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Title: Fluorophore-Assisted Light Inactivation of Calmodulin Involves Singlet-Oxygen Mediated Cross-Linking and Methionine Oxidation

Authors:
; ; ; ; ;
Publication Date:
Research Org.:
Environmental Molecular Sciences Laboratory (EMSL)
Sponsoring Org.:
USDOE Office of Science (SC), Biological and Environmental Research (BER)
OSTI Identifier:
1152356
Resource Type:
Journal Article
Resource Relation:
Journal Name: Biochemistry; Journal Volume: 45; Journal Issue: 15
Country of Publication:
United States
Language:
English

Citation Formats

Yan, Ping, Xiong, Yijia, Chen, Baowei, Negash, Sewite, Squier, Thomas C., and Mayer, M. Uljana. Fluorophore-Assisted Light Inactivation of Calmodulin Involves Singlet-Oxygen Mediated Cross-Linking and Methionine Oxidation. United States: N. p., 2006. Web. doi:10.1021/bi052395a.
Yan, Ping, Xiong, Yijia, Chen, Baowei, Negash, Sewite, Squier, Thomas C., & Mayer, M. Uljana. Fluorophore-Assisted Light Inactivation of Calmodulin Involves Singlet-Oxygen Mediated Cross-Linking and Methionine Oxidation. United States. doi:10.1021/bi052395a.
Yan, Ping, Xiong, Yijia, Chen, Baowei, Negash, Sewite, Squier, Thomas C., and Mayer, M. Uljana. Sat . "Fluorophore-Assisted Light Inactivation of Calmodulin Involves Singlet-Oxygen Mediated Cross-Linking and Methionine Oxidation". United States. doi:10.1021/bi052395a.
@article{osti_1152356,
title = {Fluorophore-Assisted Light Inactivation of Calmodulin Involves Singlet-Oxygen Mediated Cross-Linking and Methionine Oxidation},
author = {Yan, Ping and Xiong, Yijia and Chen, Baowei and Negash, Sewite and Squier, Thomas C. and Mayer, M. Uljana},
abstractNote = {},
doi = {10.1021/bi052395a},
journal = {Biochemistry},
number = 15,
volume = 45,
place = {United States},
year = {Sat Apr 01 00:00:00 EST 2006},
month = {Sat Apr 01 00:00:00 EST 2006}
}
  • Fluorophore-assisted light inactivation (FALI) can permit the targeted inactivation of tagged proteins and, when used with cell-permeable multiuse affinity probes (MAPs), offers important advantages in identifying physiological function, because targeted protein inactivation is possible with spatial and temporal control. However, reliable applications of FALI, also known as chromophore-assisted light inactivation (CALI) with fluorescein derivatives, have been limited by lack of mechanistic information regarding sensitive proteins. To permit the rational inactivation of targeted proteins we have identified the oxidizing species and the susceptibility of specific amino acids to modification using the calcium regulatory protein calmodulin (CaM) that, like many essential proteins,more » regulates signal transduction through the reversible association with a large number of target proteins. Following the covalent and rigid attachment of 4’,5’-bis (1,3,2-dithoarsolan-2-yl) fluorescein (FlAsH) to helix A, we have identified light-dependent oxidative modifications of endogenous methionines to their corresponding methionine sulfoxides. Initial rates of methionine oxidation correlate with surface accessibility and are insensitive to the distance between the bound fluorophore and individual methionines, which vary between ~7 and 40 Å. In addition, we observed a rapid reaction of histidines, which results in selective cross-linking with binding partners corresponding to the CaM-binding sites of smooth myosin light chain kinase and ryanodine receptor. Our results provide a rationale for proteomic screens using FALI to inhibit the function of many signaling proteins, which, like CaM, commonly present methionines at binding interfaces. Likewise, properly placed histidines will permit the capture and identification of binding partners associated with protein complexes.« less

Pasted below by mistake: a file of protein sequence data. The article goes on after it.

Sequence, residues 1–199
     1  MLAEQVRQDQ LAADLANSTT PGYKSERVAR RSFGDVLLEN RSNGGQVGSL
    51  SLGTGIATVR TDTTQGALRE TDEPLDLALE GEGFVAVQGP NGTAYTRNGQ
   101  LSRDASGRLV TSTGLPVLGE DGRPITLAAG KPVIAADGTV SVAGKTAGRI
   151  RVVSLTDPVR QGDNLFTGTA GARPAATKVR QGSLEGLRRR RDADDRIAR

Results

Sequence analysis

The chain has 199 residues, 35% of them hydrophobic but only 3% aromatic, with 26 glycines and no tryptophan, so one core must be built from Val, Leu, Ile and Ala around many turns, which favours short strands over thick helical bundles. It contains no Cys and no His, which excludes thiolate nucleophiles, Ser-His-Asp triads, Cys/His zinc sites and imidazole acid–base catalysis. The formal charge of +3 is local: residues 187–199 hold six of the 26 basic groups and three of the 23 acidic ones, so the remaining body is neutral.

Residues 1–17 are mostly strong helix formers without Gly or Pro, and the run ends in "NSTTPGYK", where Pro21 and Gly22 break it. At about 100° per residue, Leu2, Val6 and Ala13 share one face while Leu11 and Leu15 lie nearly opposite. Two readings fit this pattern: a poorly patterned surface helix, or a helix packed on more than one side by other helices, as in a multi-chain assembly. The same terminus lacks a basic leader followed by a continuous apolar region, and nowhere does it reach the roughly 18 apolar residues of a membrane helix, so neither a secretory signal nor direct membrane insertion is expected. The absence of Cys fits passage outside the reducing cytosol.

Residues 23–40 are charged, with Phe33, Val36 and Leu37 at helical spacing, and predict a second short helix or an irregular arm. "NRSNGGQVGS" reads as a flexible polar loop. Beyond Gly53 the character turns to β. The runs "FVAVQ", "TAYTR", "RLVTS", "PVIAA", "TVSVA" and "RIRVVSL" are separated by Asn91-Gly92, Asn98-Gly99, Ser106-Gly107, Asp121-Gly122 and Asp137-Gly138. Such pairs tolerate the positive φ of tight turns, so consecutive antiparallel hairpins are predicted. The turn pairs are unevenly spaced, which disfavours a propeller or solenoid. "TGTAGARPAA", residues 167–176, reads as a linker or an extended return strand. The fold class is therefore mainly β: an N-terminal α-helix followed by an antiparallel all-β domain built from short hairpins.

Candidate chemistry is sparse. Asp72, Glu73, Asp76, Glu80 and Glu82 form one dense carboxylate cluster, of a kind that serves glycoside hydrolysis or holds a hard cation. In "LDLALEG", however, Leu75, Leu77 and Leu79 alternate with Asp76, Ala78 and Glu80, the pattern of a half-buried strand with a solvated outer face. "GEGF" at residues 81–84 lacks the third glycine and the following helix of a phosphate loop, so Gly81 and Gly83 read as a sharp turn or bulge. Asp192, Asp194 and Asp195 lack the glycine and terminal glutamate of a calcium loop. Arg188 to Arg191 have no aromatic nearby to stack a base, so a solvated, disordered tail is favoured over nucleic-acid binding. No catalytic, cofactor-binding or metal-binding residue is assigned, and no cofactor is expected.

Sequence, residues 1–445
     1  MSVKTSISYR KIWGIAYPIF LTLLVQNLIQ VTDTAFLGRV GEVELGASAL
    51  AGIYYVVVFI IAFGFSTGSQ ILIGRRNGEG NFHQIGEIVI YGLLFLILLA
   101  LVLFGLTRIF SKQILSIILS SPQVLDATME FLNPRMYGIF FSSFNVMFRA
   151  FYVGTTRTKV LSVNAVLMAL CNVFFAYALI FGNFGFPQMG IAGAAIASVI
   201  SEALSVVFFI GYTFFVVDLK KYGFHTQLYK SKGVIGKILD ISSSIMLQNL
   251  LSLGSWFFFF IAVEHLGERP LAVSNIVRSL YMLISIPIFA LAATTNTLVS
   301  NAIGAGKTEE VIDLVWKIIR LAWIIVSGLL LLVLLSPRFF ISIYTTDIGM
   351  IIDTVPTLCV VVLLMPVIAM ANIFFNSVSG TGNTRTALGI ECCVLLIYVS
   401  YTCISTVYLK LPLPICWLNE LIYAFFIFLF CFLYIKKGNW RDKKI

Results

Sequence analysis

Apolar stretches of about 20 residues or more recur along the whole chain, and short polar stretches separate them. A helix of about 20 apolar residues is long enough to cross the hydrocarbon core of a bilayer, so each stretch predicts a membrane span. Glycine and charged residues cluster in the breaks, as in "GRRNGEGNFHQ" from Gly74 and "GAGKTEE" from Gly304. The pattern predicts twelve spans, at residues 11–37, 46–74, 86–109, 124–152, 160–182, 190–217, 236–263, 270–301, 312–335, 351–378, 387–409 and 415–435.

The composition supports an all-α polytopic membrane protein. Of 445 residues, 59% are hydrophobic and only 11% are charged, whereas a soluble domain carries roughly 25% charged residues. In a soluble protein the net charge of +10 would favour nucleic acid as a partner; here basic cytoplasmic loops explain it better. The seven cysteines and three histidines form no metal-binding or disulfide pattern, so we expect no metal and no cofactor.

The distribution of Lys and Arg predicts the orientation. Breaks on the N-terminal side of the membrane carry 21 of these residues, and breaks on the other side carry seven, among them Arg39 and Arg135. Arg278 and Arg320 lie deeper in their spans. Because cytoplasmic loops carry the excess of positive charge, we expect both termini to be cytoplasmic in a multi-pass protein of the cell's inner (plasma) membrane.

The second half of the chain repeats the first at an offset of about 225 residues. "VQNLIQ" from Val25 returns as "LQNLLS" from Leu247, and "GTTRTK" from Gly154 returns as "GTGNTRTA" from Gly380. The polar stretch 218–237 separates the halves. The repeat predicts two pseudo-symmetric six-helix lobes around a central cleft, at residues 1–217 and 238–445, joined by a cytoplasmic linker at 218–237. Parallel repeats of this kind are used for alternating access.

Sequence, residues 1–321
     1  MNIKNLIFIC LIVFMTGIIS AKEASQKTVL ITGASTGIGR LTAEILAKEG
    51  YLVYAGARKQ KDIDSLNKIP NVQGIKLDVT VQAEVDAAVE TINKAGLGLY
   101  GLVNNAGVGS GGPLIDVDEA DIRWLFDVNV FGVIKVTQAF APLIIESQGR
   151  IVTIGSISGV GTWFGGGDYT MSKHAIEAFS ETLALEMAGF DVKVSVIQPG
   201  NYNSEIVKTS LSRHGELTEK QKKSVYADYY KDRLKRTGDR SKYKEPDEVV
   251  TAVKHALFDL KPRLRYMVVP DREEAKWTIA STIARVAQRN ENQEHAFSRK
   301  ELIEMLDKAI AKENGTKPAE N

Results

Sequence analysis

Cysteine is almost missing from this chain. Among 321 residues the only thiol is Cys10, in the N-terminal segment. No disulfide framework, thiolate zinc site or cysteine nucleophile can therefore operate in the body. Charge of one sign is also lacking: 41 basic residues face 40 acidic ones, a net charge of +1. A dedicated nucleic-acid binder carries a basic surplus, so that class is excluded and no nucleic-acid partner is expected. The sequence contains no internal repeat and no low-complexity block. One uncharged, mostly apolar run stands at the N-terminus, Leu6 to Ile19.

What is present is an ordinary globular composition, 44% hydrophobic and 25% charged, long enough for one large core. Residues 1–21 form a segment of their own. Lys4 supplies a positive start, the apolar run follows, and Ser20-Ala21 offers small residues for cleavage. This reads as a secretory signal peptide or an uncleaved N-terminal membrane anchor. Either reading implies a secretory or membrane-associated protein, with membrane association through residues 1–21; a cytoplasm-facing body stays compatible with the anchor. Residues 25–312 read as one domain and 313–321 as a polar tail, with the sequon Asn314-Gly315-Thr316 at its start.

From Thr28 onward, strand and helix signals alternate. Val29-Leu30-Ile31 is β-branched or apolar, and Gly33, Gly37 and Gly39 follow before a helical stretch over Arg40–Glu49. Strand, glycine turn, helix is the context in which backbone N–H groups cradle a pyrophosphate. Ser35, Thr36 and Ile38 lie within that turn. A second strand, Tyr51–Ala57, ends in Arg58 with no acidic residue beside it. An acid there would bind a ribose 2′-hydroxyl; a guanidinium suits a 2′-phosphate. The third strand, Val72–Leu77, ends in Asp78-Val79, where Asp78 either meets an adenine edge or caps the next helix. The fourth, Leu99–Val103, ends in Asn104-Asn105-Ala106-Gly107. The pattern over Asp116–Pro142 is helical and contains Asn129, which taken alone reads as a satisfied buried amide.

• The C-terminus of calmodulin (CaM) functions as a sensor of oxidative stress, with oxidation of methionine 144 and 145 inducing a nonproductive association of the oxidized CaM with the plasma membrane Ca 2+-ATPase (PMCA) and other target proteins to downregulate cellular metabolism. To better understand the structural underpinnings and mechanism of this switch, we have engineered a CaM mutant (CaM-L7) that permits the site-specific oxidation of M144 and M145, and we have used NMR spectroscopy to identify structural changes in CaM and CaM-L7 and changes in the interactions between CaM-L7 and the CaM-binding sequence of the PMCA (C28W) due tomore » methionine oxidation. In CaM and CaM-L7, methionine oxidation results in nominal secondary structural changes, but chemical shift changes and line broadening in NMR spectra indicate significant tertiary structural changes. For CaM-L7 bound to C28W, main chain and side chain chemical shift perturbations indicate that oxidation of M144 and M145 leads to large tertiary structural changes in the C-terminal hydrophobic pocket involving residues that comprise the interface with C28W. Smaller changes in the N-terminal domain also involving residues that interact with C28W are observed, as are changes in the central linker region. At the C-terminal helix, 1H α, 13C α, and 13CO chemical shift changes indicate decreased helical character, with a complete loss of helicity for M144 and M145. Using 13C-filtered, 13C-edited NMR experiments, dramatic changes in intermolecular contacts between residues in the C-terminal domain of CaM-L7 and C28W accompany oxidation of M144 and M145, with an essentially complete loss of contacts between C28W and M144 and M145. We propose that the inability of CaM to fully activate the PMCA after methionine oxidation originates in a reduced helical propensity for M144 and M145, and results primarily from a global rearrangement of the tertiary structure of the C-terminal globular domain that substantially alters the interaction of this domain with the PMCA.« less